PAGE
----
Artists on the Fly
As a professor of surgery and the director of a mitral valve clinic that performs 300 to 400 valve repairs each year (the average for most clinics is 10), all while planning a major departmental move, it’s a wonder how Steven Bolling, M.D., has time to sleep at night.
Yet amidst seminars, surgeries and moving boxes he was able to co-invent a groundbreaking device that treats mitral valve leakage, improving the left ventricle and helping congestive heart failure patients regain lost heart function.
The GeoForm annuloplasty ring, invented by Dr. Bolling and Ottavio Alfieri of St. Raffaele Hospital in Milan, was launched by Edwards Lifesciences Corp. in September and will be for sale in the U.S. in January.
The surgery is just one of the new heart-shaping techniques being studied and tested at the University of Michigan Cardiovascular Center, which is in line for a new $212 million heart hospital next year.
Dr. Bolling said the GeoForm ring forces the heart into a healthy football shape, as opposed to an enlarged basketball shape caused by heart failure. Once it’s positioned, the device eliminates the backflow of blood caused by a leaky valve.
“This ring’s special three-dimensional shape makes it easier for the surgeon to pull the heart muscle up in a way that forces the left ventricle to remodel...and returns the heart to a pointy, or ellipsoid, shape from a rounded shape,” he said.
The heart muscle has to work twice as hard with a valve that leaks, which in turn causes weakness, shortness of breath and eventually death.
Dr. Bolling said there have been 200 implants so far and in Europe, where it became available in October, the devices are “flying off the shelves.”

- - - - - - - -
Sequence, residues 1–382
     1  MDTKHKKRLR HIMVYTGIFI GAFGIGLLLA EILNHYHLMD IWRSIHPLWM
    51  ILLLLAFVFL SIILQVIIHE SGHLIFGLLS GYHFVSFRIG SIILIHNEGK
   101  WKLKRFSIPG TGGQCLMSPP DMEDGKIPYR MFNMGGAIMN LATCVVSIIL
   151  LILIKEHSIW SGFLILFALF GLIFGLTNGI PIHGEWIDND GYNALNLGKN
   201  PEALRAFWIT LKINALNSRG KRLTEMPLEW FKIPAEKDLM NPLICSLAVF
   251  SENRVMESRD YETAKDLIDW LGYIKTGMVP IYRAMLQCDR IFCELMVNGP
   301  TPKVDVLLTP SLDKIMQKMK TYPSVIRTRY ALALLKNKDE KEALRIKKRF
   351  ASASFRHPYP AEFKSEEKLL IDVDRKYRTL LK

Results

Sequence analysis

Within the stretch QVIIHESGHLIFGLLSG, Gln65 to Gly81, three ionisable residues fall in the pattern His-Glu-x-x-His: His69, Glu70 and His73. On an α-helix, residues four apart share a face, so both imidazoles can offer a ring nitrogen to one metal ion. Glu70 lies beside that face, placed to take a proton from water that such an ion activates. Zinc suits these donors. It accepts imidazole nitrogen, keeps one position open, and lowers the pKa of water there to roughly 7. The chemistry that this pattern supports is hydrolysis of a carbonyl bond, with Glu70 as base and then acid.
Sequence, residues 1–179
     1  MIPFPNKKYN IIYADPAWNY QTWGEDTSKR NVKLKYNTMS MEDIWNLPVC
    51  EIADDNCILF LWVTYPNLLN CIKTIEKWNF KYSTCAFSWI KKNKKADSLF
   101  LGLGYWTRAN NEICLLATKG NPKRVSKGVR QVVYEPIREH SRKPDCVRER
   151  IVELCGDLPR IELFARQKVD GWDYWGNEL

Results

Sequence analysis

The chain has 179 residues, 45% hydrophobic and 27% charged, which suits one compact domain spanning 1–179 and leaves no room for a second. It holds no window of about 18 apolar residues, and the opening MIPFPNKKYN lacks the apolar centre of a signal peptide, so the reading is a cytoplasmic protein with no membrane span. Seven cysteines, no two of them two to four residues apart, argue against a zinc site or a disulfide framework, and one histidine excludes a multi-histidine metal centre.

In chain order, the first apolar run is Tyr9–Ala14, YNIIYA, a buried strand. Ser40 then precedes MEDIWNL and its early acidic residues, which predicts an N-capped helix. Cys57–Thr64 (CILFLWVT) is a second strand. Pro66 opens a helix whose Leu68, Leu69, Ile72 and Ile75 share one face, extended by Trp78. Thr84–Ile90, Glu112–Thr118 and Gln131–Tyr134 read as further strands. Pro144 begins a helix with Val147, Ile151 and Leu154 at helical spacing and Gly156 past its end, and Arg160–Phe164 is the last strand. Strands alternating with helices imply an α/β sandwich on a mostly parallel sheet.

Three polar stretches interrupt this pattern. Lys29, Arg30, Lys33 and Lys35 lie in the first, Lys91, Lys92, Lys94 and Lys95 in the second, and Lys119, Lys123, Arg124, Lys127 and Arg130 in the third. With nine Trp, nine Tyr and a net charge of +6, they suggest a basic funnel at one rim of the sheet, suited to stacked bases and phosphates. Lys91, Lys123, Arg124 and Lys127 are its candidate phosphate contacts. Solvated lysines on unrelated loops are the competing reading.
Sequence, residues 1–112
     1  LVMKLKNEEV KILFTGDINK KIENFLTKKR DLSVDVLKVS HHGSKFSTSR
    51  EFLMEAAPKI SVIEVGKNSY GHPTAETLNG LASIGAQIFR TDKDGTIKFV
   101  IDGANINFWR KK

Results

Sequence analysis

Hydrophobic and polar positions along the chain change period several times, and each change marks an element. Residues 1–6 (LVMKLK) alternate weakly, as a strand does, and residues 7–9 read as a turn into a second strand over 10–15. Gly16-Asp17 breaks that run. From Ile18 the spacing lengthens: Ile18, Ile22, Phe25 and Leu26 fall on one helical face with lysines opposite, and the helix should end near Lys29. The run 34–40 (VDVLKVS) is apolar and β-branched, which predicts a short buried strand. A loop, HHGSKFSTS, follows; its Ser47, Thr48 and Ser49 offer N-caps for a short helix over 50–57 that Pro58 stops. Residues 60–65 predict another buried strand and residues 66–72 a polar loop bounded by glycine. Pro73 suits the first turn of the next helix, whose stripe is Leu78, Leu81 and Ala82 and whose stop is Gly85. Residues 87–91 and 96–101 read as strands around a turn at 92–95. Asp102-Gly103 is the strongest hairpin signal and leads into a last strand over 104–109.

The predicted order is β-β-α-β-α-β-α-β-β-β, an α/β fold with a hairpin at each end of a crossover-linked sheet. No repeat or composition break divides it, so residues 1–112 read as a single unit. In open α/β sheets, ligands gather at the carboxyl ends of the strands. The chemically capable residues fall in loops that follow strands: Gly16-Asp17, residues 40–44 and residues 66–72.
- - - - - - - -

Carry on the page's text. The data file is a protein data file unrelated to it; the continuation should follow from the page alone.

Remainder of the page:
“The patients are doing well and we are getting rid of the mitral regurgitation for good, as opposed to older ways of treating it with medication and having it come back,” he said.
He stressed that valve repair is a much better treatment than medication or heart replacement.
“Today, replacement is really a far worse second choice,” he said. “If at all possible, repair is the preferred method of treatment for patients.”
Dr. Bolling said he hopes the productivity brought by the new hospital will increase the number of valve repairs his clinic performs to an even higher number.
“In the U.S. right now, only 40 percent of the mitral valves that should be repaired are repaired,” Dr. Bolling said. “That’s because it is a very complex, technical surgery. You have to be an artist — an artist on the fly.”
Pioneering a Heart Wrap
Another surgical option being tested at the clinic is the insertion of an Acorn CorCap cardiovascular device, which is a biocompatible, mesh-like jacket that’s slipped around the heart. Dr. Bolling calls it a “jock strap for the heart.”
“It doesn’t squish the heart down or anything, but it sort of stops it from growing any larger,” he said. “It is not really an active way of changing the heart, but it allows the heart to change itself.”
He said his surgeons have performed around 30 CorCap installations and have seen semi-positive results so far. The main problem with the device is that it’s difficult to figure out how tight to make it.
“You don’t want it too tight, and if you make it too loose it won’t be effective at all,” he said. “You sort of just make a good guess and that’s it — it’s still very unfamiliar to most surgeons.”
But charting unfamiliar territory is nothing new for U-M’s cardiovascular department — after all, it was the first in Michigan to implant heart-assist devices and the new center is going to be absolutely state-of-the-art, according to Dr. Bolling.
“We are doubling our capacity — not only in cardiac surgery, but also in cardiology services,” he said.
The six-story hospital will include 48 inpatient beds — half of them for intensive care — 36 outpatient clinic areas, 12 suites for minimally invasive procedures and eight operating rooms.
It will also have a heavy emphasis on patient comfort, with indoor and outdoor healing gardens, rooms for quiet reflection, a patient education center, a heart-healthy café and art-filled hallways.